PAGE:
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Cholesterol Re-absorption

 

Oats actively help lower cholesterol re-absorption^

Oats contain a special type of natural soluble fibre called beta glucan, found in the endosperm layer of the oat grain. Studies show that eating about 3g of beta glucan a day helps lower cholesterol re-absorption^. When cholesterol enters your digestive tract from food or as bile from the liver, some of it is re-absorbed via the bloodstream as part of the fat metabolism process. Beta glucan, found in oats, dissolves in the digestive tract where it forms a thick gel which binds to excess cholesterol. The gel and the cholesterol are then excreted as part of the body’s waste rather than being reabsorbed back into the body, helping to lower cholesterol re-absorption. The UNCLE TOBYS Team select breeds of oats specifically for their creamy taste and high beta glucan content. We also test a sample of our oats up to 3 times for their beta-glucan content, ensuring that only the highest quality oats make it into a box of UNCLE TOBYS oats.

^A 40g serve of oats provides a minimum of 1g beta-glucan. Oats can help lower cholesterol re-absorption as part of a healthy diet low in saturated fat, 3g of beta-glucan each day is required to help lower cholesterol re-absorption.

 

Foods that help you control your cholesterol

Cholesterol is a fatty substance produced naturally by your body and found in your blood. You can also get cholesterol from some foods. It is used for many different things in the body, but causes health problems when there is too much of it in the blood.
Saturated fat is the type of fat that clogs our arteries and raises our blood cholesterol levels. A diet high in saturated fat is the main cause of high cholesterol. Simple ways to reduce the amount we eat include switching from butter to margarine, choosing reduced fat dairy, and trimming visible fat from meat.

Enjoy healthy eating. Choose mainly plant-based foods, such as vegetables, fruits and legumes (dried peas, dried beans and lentils), and grain-based foods (preferably wholegrain), such as oats, bread, pasta, noodles and rice.
Consume moderate amounts of lean meats, poultry, fish and reduced fat dairy products, and include small amounts of polyunsaturated or monounsaturated oils and margarines.
In addition to eating a healthy diet (that’s low in saturated fat and includes good fats) and exercising regularly, there are some foods which have been shown to help lower cholesterol re-absorption in people with raised blood cholesterol levels.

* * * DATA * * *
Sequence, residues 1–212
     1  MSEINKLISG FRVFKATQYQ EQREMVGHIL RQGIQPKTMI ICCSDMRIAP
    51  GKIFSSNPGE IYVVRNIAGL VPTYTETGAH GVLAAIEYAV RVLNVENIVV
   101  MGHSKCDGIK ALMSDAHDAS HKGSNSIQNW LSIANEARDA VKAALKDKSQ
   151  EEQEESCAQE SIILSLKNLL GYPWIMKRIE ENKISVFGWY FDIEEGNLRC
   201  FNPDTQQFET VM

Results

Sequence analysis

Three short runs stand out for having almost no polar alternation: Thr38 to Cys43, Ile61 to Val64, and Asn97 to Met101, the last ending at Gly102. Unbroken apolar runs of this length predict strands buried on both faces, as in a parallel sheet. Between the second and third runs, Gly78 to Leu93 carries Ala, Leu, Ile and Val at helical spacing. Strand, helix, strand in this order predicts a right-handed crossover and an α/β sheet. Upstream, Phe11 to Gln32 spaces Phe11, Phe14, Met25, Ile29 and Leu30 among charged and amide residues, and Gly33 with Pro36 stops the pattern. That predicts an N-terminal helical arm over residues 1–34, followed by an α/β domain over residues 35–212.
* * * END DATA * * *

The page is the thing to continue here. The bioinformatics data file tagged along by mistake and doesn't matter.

These include:

  • Oats – rich in beta-glucan, found in the outermost oat bran layer of the oat groat
  • Barley & Psyllium – both are natural sources of soluble fibres which can also help lower cholesterol re-absorption
  • Plant sterols – found in specialist margarines, milks and yogurts which have been enriched with these natural plant ingredients. Consuming around 2g plant sterols a day, equivalent to spreading margarine on around 4 slices of bread, can help reduce cholesterol absorption in our intestines.

 

 

What is Cholesterol?

Cholesterol is a fatty substance produced by the liver and is also present in some foods we eat. Your body needs a small amount of ‘good’ HDL cholesterol to:

    • Produce sex hormones such as oestrogen and testosterone;
    • Support your digestion by producing bile acids which digest fat and absorb nutrients;
    • Carry ‘bad’ LDL cholesterol away from your arteries to your liver, where it is broken down to be removed.
    • Create vitamin D.

 Your body produces cholesterol

Cholesterol in foods (dietary cholesterol) has only a small effect on your blood cholesterol, especially when compared with the much greater increase caused by saturated fat in food. Your body is able to make its own cholesterol so it’s best to avoid foods that may lead to high blood cholesterol levels. Visit your GP to have your cholesterol tested with a detailed blood lipid test, requiring you to fast for 12 hours prior. The test will measure your total cholesterol levels, ‘good’ HDL and ‘bad’ LDL cholesterol levels, as well as a type of blood fat called triglycerides. Adults aged 45 years and older are at greater risk of high cholesterol so it’s particularly important to be regularly tested if you are in this age bracket.

What is a recommended range?

There are numerous considerations for recommended cholesterol levels with each individual’s situation requiring different professional advice. Your cholesterol levels should be considered as part of your total blood fat or lipid profile. In general terms the Heart Foundation’s suggested targets are:

  • LDL-cholesterol <2.5 mmol/L
  • Total cholesterol <4.0 mmol/L
  • HDL-cholesterol >1.0 mmol/L
  • Triglycerides <2.0 mmol/L

 What causes high cholesterol?

  • Eating too many foods high in saturated fats
  • Being overweight
  • Being physically inactive
  • Having a family history of high cholesterol.